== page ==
Speed cameras on the way to stop lead-foot truckies


Speed cameras will be installed on the South Eastern Freeway in Adelaide to catch speeding truck drivers

Ruza Zivkusic-Aftasi | April 12, 2012

Speed cameras will be installed on the South Eastern Freeway in Adelaide to catch speeding truck drivers.

South Australia Transport Department Road and Traffic Management Director Paul Gelston says some 40 truck drivers each day ignore the reduced speed limits on the freeway, which were introduced in May after a series of cashes. Up to 1000 vehicles use the road every day.

Safety cameras are now being installed near the Mt Osmond overpass and near Crafers to ensure that trucks with five or more axles do not exceed the speed limit on the descent into Adelaide.

Loops will also be installed to detect both speed and configuration of large vehicles.

Signs calling on drivers to use low gear are now up on the freeway, Gelston says.

"It’s a long steep descent and on average there are about 20,000 vehicles coming downhill with about 10 percent of those being commercial vehicles," Gelston says.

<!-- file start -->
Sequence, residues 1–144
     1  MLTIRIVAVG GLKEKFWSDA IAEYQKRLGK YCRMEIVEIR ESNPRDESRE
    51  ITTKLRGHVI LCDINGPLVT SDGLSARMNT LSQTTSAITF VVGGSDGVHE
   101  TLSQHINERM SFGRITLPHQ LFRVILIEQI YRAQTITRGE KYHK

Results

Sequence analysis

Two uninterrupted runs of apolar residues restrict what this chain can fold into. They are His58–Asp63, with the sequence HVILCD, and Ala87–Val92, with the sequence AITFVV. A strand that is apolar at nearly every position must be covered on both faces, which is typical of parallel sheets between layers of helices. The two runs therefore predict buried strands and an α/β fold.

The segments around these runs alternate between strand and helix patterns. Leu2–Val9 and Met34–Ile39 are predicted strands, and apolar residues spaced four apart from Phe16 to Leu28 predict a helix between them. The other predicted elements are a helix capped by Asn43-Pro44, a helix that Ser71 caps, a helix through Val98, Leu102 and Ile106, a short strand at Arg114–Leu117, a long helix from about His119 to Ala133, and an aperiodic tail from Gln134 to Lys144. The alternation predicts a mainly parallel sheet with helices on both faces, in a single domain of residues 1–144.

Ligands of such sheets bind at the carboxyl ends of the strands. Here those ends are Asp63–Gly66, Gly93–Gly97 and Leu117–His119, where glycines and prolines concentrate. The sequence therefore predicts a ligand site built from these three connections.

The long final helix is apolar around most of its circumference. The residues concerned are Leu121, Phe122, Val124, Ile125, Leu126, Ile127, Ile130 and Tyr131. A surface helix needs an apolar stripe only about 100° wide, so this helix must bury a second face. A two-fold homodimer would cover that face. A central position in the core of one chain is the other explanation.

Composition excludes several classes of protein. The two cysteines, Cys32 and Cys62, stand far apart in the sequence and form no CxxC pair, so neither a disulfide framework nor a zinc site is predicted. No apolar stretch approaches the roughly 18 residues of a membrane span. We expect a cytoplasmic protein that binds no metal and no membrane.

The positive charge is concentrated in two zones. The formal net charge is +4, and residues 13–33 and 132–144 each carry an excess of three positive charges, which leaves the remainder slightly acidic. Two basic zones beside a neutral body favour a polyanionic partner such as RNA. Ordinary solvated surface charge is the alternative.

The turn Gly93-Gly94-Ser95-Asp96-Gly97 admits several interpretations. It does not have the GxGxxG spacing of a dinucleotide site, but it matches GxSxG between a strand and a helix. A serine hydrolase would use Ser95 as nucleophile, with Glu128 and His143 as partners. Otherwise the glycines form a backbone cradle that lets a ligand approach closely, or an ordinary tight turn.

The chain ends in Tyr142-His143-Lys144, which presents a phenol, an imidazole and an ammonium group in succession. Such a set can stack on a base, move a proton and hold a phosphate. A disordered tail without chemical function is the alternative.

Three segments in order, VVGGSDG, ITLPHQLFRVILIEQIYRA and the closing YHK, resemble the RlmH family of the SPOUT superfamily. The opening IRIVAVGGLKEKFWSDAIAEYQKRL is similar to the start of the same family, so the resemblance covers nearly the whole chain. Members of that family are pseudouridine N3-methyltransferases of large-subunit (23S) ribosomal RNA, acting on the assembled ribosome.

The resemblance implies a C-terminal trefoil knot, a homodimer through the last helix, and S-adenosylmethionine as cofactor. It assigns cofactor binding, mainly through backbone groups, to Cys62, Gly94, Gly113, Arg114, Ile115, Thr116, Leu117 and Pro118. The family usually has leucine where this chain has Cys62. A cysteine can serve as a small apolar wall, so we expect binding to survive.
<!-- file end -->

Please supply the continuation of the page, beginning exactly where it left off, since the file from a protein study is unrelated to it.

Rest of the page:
"We have had the problem for a few years where trucks are not getting in on the correct gear at the top of the hill and rely on their breaks. We have had a couple of nasty accidents where heavy vehicles have collided with vehicles at the bottom of the hill.

"We need drivers to be aware that there will be safety cameras at the top of the hill and at half-way down the hill," he adds.

"While most of the vehicles are around the 60km/h mark, there are still a number that exceed 65km/h. That’s really unacceptable in terms of the risk and to all other road users and the drivers of heavy vehicles."

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